Jonathan Coulton is, of course, the guy behind “Still Alive” from Portal, and a litany of geek songs usually set to music videos made in World of Warcraft.
He’s not selling out arenas, but he tours regularly (and sells out clubs), releases albums, and is a reasonably well-known musician. Which makes it rather weird that Glee decided to lift his arrangement of “Baby Got Back” wholesale without telling him.
Let’s start with the evidence. Here’s Coulton’s cover from six years ago:
And here’s Glee’s version, which runs next week:
This is complete, by the way, with all changes Coulton made to the song. Including referring to himself in it.
You might be thinking “Man, that is going to be one fat lawsuit”, but unfortunately the answer to that might be no, or rather Fox might think it’s no. Coulton’s music is distributed under a Creative Commons license, and that does allow you to goof around with somebody else’s work substantially.
Unfortunately for Fox, the sticky part there is that Coulton’s covers are NOT under a CC license. So they might be in some pretty serious legal trouble. Adding gasoline to this particular forest fire, those that are under a CC license are under a non-commercial license, and that, uh, Fox has already been selling it without Coulton’s consent. It’s likely that they got the approval of Sir Mixalot and figured “Eh, we’re good”, which actually is not the first time Fox has figured all they have to do is cut the artist a check. Or, for that matter, the first time Glee has decided to rip off another artist and give him zero credit for his work.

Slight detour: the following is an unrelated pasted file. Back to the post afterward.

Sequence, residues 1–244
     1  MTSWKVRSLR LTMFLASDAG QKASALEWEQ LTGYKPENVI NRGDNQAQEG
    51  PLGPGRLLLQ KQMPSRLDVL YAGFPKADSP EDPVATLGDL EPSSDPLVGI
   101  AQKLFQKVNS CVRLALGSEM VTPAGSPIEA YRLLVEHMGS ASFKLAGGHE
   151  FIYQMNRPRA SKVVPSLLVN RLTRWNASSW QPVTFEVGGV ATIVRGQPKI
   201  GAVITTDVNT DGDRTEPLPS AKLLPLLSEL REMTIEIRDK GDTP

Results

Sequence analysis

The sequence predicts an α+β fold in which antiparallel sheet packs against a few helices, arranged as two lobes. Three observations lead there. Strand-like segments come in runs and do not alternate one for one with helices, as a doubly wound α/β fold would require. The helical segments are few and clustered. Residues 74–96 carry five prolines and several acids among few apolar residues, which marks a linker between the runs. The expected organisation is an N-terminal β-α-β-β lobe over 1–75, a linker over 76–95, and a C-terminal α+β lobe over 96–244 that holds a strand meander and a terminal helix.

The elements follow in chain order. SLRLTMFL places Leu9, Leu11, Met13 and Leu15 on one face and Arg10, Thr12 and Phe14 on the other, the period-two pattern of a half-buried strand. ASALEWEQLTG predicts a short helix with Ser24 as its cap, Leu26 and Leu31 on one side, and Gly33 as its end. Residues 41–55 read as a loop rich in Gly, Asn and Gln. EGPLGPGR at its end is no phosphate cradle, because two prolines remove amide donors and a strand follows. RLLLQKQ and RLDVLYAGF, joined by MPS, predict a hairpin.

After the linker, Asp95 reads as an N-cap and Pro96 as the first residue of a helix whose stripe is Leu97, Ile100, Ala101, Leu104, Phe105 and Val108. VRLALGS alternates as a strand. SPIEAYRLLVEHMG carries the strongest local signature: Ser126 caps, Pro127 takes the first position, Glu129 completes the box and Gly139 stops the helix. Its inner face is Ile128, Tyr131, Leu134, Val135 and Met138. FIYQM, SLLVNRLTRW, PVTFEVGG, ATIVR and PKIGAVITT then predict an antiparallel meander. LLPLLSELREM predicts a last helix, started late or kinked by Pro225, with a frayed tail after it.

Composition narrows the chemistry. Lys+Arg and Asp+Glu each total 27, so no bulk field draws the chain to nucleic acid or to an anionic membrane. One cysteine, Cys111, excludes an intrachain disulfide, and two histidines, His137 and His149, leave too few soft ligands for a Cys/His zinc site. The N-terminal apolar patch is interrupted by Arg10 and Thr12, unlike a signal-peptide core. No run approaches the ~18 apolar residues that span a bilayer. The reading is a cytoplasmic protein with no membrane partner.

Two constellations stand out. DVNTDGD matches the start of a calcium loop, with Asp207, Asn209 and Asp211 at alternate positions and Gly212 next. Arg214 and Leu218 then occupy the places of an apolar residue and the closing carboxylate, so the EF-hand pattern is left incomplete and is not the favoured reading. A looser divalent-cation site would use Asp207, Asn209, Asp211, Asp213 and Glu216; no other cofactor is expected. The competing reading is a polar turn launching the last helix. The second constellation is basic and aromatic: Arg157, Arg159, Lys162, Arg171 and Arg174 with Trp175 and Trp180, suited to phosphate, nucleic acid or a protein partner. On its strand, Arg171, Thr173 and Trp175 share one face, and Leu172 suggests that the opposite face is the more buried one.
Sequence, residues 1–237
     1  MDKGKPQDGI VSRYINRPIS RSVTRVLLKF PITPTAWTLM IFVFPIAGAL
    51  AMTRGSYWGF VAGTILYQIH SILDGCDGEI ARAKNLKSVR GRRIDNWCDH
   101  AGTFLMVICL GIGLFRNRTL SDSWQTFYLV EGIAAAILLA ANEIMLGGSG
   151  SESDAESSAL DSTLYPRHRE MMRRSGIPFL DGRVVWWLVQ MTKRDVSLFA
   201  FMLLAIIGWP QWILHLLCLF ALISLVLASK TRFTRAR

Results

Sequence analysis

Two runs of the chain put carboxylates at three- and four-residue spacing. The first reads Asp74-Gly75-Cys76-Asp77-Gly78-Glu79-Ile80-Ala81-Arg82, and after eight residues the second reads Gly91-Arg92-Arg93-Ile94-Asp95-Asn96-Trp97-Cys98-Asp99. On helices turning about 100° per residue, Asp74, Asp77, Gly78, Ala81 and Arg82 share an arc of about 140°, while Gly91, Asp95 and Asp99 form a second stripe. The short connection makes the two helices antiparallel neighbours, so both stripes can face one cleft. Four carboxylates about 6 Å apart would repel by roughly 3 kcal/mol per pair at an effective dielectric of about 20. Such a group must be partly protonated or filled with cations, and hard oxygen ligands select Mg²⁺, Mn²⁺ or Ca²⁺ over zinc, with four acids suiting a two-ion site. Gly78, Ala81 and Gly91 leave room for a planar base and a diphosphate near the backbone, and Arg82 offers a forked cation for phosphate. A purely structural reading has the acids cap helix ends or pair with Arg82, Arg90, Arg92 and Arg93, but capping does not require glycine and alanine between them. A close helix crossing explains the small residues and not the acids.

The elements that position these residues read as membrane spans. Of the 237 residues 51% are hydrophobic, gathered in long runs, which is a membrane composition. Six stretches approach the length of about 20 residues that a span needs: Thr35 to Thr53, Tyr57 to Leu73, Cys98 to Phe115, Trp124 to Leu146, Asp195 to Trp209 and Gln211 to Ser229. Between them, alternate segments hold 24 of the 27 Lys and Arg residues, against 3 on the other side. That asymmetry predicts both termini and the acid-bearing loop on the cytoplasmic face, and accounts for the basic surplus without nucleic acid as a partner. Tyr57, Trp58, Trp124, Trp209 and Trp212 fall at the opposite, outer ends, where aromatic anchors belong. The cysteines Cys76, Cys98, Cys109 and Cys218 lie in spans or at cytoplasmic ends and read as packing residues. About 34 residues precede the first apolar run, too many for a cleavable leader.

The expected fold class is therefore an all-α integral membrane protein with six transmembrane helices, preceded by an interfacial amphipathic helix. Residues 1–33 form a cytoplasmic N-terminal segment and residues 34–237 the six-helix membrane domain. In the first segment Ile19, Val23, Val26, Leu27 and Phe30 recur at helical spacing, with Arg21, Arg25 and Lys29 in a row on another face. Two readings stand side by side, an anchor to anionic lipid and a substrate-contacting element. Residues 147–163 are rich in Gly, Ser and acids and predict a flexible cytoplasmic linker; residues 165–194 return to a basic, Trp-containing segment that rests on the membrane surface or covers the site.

There’s also the small matter that Glee is an enormous profit machine, so Coulton could make a very clear legal argument that they were violating his copyright, regardless, just by putting his arrangement on the show.
Baffling also is that, even if they were fully legally in the clear, did they really think Coulton’s fans wouldn’t notice?
Considering the show’s creator has a long history of mature, polite, and intelligent disagreement with artists over his work, we’re sure that this particular saga will wrap up with a check cut and a polite handshake. Absolutely. No question. Honest.
UPDATE: The New Noise Thriller pointed us towards a section of law that makes this whole thing about a thousand times more awful. Basically, under the license Coulton paid for, he’s not covered under copyright. So Glee’s producers could have contacted Coulton, and credited him with the arrangement, and done so with zero financial obligation. Ever.
It is worth noting that the recording might heavily sample from Coulton’s original, and if so, they owe him money for using his sound recording.
But even if it’s just a note-for-note imitation, you’ve got to wonder what the hell those involved were thinking.